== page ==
Guided by her father’s motto, ‘el que no vive para servir no sirve para vivir,’ Maria has educated hundreds of women about breast and cervical cancer and referred them for screenings for early detection of these deadly conditions. Because of her extensive work with health, she was recently hired as the Lead Promotora de Salud for the Ventanilla de Salud program run by Mujeres and the Mexican Consulate in Chicago to provide information to Latinos about health services.

After a heart attack scare, Maria became a powerful voice in informing others about cardiovascular health. During her community workshops for the ‘Haga la llamada ¡No pierda tiempo!’ campaign, she emphasizes that mothers, daughters, and grandmothers can be saved through raising awareness among Latinas about the symptoms of heart attacks.”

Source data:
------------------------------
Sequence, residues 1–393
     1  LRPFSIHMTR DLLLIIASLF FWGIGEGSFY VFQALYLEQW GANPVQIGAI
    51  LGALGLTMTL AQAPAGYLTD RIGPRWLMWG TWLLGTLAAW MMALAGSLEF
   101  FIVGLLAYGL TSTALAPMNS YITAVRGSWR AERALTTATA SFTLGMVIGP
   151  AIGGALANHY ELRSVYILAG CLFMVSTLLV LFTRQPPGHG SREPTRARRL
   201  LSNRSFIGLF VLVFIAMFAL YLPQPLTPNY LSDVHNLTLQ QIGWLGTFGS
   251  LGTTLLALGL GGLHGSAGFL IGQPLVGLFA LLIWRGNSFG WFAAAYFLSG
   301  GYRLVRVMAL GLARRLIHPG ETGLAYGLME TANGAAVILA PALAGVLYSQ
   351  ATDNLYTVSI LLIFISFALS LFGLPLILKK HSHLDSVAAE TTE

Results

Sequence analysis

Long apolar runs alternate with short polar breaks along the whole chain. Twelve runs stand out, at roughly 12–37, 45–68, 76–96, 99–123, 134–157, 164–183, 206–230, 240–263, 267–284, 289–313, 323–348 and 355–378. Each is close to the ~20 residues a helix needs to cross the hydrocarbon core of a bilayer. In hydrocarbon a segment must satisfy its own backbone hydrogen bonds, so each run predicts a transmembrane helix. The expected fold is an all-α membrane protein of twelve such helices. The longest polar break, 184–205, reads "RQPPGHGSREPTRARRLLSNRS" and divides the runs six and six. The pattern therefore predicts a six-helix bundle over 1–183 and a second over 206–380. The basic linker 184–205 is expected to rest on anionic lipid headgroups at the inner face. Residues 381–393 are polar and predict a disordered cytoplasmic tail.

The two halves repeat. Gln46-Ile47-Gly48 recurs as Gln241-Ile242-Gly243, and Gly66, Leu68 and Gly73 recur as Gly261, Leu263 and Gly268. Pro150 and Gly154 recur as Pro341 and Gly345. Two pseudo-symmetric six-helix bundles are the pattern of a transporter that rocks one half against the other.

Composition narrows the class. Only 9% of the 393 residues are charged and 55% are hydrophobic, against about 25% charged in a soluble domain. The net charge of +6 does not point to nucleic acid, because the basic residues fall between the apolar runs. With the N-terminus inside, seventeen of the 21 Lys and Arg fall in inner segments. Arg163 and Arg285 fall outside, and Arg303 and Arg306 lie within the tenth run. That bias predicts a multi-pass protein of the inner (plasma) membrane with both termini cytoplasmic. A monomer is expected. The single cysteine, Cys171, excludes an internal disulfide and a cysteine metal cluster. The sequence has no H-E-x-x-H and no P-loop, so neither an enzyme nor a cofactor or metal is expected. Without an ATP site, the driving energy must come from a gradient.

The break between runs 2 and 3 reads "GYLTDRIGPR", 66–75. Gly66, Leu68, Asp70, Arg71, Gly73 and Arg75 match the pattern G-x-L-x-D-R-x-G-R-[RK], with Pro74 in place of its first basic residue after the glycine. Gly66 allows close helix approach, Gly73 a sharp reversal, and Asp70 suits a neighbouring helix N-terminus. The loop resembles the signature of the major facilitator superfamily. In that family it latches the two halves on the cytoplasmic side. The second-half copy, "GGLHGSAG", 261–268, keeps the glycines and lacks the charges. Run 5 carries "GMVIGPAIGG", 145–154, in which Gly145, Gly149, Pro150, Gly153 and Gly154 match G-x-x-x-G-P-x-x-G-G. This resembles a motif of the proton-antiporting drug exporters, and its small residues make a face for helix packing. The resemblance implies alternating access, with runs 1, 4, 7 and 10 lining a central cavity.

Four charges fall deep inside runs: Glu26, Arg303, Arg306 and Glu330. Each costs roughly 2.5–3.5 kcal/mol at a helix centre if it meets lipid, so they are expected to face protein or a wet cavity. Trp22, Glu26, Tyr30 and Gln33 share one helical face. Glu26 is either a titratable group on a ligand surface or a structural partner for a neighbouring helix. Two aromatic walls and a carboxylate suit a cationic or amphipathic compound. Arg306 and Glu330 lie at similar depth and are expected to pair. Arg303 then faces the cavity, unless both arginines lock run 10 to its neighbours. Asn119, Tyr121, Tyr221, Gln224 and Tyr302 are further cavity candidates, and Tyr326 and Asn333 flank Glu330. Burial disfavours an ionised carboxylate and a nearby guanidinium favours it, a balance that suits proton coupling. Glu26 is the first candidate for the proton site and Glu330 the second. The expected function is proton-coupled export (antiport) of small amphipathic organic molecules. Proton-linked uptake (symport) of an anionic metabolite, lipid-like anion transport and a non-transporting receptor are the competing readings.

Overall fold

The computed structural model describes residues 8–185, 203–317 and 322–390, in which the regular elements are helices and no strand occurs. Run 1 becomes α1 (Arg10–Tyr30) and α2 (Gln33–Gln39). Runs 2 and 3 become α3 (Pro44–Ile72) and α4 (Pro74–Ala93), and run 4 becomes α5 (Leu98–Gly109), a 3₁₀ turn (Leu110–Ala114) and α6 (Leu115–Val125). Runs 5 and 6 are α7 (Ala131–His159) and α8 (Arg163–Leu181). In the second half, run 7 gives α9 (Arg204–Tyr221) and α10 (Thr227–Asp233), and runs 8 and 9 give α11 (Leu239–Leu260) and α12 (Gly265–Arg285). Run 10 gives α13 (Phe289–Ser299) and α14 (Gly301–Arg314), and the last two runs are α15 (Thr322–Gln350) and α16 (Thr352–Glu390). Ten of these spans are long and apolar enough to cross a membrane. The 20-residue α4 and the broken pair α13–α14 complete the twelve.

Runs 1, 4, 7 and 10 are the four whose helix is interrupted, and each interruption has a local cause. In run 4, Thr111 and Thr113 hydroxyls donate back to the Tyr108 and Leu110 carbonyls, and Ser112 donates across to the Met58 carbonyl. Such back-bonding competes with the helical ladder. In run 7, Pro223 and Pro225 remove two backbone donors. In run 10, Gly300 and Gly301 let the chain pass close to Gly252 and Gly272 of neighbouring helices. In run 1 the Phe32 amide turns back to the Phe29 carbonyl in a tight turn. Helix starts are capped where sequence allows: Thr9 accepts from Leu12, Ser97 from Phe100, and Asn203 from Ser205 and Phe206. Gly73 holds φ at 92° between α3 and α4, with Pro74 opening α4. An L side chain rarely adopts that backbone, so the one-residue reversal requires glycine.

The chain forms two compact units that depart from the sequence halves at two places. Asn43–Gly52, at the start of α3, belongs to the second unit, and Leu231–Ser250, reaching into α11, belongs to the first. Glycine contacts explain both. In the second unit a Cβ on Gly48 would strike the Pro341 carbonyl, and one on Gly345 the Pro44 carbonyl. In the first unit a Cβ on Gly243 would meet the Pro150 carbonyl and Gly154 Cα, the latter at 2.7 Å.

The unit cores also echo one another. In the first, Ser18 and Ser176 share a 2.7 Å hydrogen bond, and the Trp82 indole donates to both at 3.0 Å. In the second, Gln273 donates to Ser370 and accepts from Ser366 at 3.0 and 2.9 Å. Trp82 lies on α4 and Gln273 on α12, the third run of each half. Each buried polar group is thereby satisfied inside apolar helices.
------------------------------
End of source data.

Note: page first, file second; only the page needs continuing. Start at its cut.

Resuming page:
Nominated by: Claire Denton-Spalding

Marilyn Escoe – Homelessness Prompted Her to Talk Policy

Mom’s Name: Marilyn Escoe

Home City: Chicago

Organization affiliation: Chicago Coalition for the Homeless

Community participation: Education and homeless students

Why this Person is a Community Trailblazer:“Marilyn Escoe and her children lived in their North Lawndale apartment for six years, happy to be living half a block from the children’s grade school.

But when Marilyn lost her job in 2011, the Chicago family soon lost their two-bedroom apartment. Marilyn sought help from Chicago’s 311 homeless assistance call center, managed by Catholic Charities. The family was placed in available beds in a shelter 16 miles away, in the Rogers Park neighborhood.